At the Dojo, we believe we need to do everything we can to escape the tyranny of subjective terminology when learning the bagpipes. "Expression" is one of those terms where we have to be really careful.
Of course, expression is a really important part of bagpiping - why would we be playing this instrument if we didn't want to express ourselves? But, at the same time, where is the line drawn between fundamentals (the rules of piping you're supposed to follow) and expression (a conscious bending of the rules to achieve a musical/artistic effect)?
Let's explore this a little bit by looking at a typical bagpipe "expression" issue. When we see a dot cut (like the one to the right), we actually don't want to play the usual 3/4 to 1/4 ratio that music theory would dictate. Instead, any good teacher would tell you to "hold" the dotted note super long, and "cut" the 16th super short. Expression, right?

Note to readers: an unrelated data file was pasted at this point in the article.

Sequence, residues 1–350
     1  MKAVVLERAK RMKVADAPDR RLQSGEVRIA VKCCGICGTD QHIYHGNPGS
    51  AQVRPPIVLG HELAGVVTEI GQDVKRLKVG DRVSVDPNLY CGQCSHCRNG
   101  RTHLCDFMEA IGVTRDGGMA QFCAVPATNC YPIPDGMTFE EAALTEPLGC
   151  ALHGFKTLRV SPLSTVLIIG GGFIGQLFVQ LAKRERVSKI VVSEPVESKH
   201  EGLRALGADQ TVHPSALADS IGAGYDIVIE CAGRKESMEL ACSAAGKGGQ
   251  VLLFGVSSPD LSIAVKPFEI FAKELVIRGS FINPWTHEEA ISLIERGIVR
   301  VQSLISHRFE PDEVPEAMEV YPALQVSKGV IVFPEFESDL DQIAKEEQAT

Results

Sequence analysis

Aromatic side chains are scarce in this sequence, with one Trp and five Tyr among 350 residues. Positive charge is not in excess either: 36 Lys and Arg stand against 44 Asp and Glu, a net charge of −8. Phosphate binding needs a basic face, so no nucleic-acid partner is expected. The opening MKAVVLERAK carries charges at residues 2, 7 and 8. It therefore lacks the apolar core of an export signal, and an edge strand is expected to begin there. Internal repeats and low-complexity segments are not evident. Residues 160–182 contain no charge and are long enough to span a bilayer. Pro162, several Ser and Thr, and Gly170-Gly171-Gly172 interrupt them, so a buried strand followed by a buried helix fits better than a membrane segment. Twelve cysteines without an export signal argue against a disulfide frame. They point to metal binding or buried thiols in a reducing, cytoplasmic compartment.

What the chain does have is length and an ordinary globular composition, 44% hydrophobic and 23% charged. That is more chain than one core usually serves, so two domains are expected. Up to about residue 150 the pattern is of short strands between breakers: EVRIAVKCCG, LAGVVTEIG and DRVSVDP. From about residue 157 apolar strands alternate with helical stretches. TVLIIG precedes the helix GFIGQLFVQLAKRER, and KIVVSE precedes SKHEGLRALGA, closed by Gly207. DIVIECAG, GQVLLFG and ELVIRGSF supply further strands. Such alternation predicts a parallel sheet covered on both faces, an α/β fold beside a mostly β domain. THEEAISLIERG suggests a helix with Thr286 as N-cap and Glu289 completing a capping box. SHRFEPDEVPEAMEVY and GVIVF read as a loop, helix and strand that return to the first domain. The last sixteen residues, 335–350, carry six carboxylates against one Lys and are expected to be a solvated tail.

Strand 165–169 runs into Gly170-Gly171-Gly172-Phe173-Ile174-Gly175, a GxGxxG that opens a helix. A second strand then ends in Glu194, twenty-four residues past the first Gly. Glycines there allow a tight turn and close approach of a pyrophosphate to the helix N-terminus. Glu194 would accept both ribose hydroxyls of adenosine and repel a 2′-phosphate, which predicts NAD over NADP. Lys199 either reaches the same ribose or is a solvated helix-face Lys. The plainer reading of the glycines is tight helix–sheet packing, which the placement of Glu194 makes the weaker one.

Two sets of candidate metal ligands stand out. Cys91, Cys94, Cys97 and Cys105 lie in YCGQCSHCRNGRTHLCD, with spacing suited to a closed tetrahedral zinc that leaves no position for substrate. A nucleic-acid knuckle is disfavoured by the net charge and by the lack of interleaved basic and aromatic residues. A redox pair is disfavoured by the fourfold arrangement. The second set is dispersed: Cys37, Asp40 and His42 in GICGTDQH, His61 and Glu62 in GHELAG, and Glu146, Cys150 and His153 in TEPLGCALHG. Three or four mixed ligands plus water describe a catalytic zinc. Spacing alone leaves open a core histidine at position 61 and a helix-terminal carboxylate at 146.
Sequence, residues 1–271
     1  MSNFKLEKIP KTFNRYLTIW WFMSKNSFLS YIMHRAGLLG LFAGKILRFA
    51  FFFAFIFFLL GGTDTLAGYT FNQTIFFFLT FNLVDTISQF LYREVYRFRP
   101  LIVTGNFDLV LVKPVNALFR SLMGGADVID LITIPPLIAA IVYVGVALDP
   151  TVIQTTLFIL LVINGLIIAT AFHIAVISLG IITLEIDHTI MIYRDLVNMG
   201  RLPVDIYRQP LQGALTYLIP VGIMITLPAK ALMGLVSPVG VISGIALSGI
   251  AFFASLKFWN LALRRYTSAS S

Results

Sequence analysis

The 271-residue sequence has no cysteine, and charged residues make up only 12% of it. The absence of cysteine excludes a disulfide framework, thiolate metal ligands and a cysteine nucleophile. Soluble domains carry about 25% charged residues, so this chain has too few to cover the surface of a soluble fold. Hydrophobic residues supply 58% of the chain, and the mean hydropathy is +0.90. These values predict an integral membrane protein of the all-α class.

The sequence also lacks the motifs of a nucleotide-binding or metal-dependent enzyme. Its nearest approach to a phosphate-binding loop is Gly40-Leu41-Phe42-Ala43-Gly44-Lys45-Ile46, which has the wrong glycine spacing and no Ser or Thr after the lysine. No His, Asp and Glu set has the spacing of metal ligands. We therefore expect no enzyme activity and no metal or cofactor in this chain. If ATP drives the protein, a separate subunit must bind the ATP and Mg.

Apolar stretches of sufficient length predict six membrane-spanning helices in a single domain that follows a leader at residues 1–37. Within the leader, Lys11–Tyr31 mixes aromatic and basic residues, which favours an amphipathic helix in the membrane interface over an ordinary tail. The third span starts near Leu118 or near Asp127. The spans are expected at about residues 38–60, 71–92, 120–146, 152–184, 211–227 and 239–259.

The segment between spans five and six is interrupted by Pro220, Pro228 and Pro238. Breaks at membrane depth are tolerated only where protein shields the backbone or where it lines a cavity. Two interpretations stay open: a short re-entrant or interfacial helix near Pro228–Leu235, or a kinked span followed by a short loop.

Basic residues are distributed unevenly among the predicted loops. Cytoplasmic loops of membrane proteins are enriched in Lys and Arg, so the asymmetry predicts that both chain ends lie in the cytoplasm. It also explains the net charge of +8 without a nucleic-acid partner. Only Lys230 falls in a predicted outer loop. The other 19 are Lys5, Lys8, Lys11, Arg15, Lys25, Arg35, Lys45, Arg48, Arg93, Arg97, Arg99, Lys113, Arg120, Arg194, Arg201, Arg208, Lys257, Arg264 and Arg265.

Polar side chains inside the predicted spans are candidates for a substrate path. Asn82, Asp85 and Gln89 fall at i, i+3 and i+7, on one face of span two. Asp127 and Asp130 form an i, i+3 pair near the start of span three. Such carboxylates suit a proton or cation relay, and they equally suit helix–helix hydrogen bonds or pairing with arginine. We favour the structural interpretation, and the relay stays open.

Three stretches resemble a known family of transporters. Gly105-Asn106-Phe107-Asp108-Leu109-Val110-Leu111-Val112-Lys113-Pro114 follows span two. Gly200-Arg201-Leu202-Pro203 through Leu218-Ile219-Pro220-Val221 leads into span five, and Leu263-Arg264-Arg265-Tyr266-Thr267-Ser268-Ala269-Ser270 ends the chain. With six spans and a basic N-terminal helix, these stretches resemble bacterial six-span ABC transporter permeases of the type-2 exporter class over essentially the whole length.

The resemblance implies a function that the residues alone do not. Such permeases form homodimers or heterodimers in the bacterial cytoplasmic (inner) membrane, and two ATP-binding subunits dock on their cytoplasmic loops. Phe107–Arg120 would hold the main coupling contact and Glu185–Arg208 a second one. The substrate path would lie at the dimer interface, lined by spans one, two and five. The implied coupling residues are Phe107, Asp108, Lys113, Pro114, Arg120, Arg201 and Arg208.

Wrong. This is a fundamental rule of piping! If you don't "express" this the "right" way, you'll be officially "non-expressive."
So, is there a "rule" about this somewhere that makes sense? The average joe would say no - it's just a go-with-the-flow "feel" thing (ahem--subjectivity!--ahem), that only experience will teach you. At the Dojo - we say - of course there's a rule! We invented it!
"ALAP/ASAP" is a Dojo fundamental that we developed to teach this skill in a consistent, logical way. Every time we approach a dot-cut, we need to appoach it the same way, or else we will fall prey to the tyranny of "feel." I'm going to stop there though - rather than reading about it all day - why don't you go try it out on Dojo U?
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